Staying in your circle of competence
Knowing what investment areas you are knowledgable about and sticking to those areas is crucial to long-term success.
i’ve been re-reading a few older Berkshire Hathaway annual letters written by Warren Buffett and found this gem in his 1996 letter: “What an investor needs is the ability to correctly evaluate selected businesses. Note that word ‘selected’: You don’t have to be an expert on every company, or even many. You only have to be able to evaluate companies within your circle of competence. The size of that circle is not very important; knowing its boundaries, however, is vital.”
It was supposedly inspired by a comment by IBM founder Tom Watson, who said: “I’m no genius. I’m smart in spots – but I stay around those spots.” It got me to wondering how often we leave our circle of competence as investors. I suspect far too often.
First, complete novices to investing should start with the absolute basics and learn about exchange-traded funds (ETFs), and invest in them exclusively. For most people this is more than enough. Buy some ETFs every month, come back in a couple of decades and we’ll have created wealth. Mission accomplished.
But most of us (and I include myself in this category) start at the very complicated and risky end – trading. We dive into derivatives when we don’t even understand markets, and we expect to be able to make profits in superquick time. Nobody ever does.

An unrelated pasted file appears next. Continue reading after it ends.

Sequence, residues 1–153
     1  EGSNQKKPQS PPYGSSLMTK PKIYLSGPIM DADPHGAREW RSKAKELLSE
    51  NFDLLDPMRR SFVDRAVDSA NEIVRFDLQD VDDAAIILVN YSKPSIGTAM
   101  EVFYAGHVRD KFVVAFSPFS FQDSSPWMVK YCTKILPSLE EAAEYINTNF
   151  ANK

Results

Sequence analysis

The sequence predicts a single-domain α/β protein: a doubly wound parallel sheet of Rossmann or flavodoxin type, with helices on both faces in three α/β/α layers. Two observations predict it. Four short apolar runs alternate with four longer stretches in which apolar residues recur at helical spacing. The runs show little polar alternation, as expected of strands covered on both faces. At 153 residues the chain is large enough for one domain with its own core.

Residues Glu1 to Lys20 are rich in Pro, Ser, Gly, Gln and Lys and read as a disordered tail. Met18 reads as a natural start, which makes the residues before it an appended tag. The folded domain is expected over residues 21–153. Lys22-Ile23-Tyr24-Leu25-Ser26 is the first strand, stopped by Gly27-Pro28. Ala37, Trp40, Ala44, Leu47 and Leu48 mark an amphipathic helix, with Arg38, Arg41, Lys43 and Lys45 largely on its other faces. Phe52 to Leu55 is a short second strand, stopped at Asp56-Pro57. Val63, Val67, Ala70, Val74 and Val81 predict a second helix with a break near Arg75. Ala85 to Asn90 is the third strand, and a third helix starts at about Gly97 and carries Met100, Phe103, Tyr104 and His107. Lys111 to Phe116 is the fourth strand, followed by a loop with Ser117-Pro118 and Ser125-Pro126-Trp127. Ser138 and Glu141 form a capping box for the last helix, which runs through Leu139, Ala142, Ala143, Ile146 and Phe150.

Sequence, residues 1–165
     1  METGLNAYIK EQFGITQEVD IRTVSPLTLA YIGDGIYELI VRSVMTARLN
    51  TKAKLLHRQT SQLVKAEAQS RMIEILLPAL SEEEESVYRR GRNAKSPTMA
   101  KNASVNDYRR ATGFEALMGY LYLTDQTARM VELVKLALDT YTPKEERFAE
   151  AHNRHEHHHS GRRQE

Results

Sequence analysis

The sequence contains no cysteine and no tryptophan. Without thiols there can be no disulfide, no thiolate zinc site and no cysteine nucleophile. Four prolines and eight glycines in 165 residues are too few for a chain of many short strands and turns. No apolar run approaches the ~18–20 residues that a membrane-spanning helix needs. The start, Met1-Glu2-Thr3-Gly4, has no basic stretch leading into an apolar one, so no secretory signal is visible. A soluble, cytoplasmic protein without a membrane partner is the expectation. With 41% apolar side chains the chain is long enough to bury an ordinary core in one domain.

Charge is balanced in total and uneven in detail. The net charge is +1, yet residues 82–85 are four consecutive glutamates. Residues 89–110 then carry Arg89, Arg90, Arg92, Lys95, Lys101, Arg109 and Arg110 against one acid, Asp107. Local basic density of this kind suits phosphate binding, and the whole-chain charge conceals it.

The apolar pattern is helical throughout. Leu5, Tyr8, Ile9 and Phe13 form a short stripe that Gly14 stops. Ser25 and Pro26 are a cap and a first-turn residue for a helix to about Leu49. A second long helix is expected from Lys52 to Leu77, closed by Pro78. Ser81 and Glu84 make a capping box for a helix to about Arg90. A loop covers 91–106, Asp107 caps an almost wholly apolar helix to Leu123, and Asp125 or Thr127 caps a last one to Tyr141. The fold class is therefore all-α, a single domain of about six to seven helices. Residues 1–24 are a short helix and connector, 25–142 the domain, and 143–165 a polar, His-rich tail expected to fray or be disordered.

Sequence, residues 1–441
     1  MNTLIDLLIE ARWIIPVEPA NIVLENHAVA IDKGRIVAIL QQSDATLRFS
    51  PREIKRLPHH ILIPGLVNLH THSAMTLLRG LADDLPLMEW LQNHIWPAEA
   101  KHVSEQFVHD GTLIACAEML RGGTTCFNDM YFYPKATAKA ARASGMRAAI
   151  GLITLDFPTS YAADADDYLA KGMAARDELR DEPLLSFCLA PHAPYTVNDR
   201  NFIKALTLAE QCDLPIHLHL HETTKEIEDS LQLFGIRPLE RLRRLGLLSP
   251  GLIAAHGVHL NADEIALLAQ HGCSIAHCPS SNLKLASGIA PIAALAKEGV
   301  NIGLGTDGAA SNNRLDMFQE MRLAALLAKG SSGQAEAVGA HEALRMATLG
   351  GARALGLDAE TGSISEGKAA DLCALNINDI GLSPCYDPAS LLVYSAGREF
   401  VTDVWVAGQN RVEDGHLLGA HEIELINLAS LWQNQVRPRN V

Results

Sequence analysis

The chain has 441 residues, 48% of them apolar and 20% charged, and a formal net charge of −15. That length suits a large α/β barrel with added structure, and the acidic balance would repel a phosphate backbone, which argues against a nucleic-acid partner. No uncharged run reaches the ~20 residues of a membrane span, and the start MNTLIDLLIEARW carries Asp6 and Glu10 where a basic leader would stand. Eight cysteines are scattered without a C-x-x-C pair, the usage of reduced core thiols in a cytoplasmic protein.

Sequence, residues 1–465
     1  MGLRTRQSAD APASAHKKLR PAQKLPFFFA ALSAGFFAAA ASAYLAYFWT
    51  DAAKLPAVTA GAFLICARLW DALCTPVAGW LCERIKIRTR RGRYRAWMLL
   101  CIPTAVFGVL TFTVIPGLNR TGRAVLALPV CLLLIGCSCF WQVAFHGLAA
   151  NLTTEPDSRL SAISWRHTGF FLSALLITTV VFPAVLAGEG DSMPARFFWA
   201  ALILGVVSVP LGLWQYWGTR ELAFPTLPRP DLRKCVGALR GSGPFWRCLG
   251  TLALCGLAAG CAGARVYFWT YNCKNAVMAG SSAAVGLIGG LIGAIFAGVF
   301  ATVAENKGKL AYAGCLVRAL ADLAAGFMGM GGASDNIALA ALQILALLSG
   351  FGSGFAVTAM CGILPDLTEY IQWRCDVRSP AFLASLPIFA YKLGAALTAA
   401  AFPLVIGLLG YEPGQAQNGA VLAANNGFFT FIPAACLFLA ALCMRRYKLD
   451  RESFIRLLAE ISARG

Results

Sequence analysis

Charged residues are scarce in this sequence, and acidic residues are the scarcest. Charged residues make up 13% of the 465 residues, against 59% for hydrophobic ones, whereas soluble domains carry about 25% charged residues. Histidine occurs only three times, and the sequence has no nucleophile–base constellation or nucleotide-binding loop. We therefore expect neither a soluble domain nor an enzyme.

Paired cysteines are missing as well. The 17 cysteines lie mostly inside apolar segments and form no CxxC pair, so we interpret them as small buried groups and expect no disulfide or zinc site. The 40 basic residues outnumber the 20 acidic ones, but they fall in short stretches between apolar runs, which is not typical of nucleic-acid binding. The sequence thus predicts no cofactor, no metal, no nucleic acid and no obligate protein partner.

Having started with ETFs, some of us will then move on – those of us who are number nerds, who love piles of numbers that we can pull apart and try make sense of.
But even then we need to stick closely to our circle of competence. For example, when investing offshore I only buy ETFs, because my knowledge of the hundreds of thousands of companies offshore is limited. On the local exchange I have been watching most companies either since listing or for the past 20 years. I take it a step further. Within JSE-listed companies there are a lot of areas that I am no expert in, so I either stay away or get expert help when digging into certain sectors; insurance being one of them.
A relatively easy space is mining, but we still need to understand reserves, head grades, operating margin and the leverage impact of this margin. None of it is rocket science, but we need to become experts in the field.
Then, I knew nothing about mining, but it was a large part of the local market back in the 1980s, so I set out to get smarter. I read books, spoke to miners, read mining company results and annual reports, generally becoming a lot smarter about the economics of mining. The beauty of this knowledge is that now, some 30 years later, I still have it and can use it as and when required.
So, as newbies starting out, we need to recognise our lack of knowledge and not be afraid of it. Rather stick to what we do know and slowly and carefully build our knowledge circle. When we encounter areas about which we have little knowledge, we need to admit that fact and either seek expert help or move on to areas we are expert in. We do not need to be an expert in every field, and we’re better served by taking Tom Watson’s comments to heart: Be smart in sectors. Know what those sectors are and stick to them.
And, as I mentioned in the beginning, start with ETFs. Become an ETF expert first before moving into individual sectors.
When we encounter areas about which we have little knowledge, we need to admit that fact and either seek expert help or move on to areas we are expert in.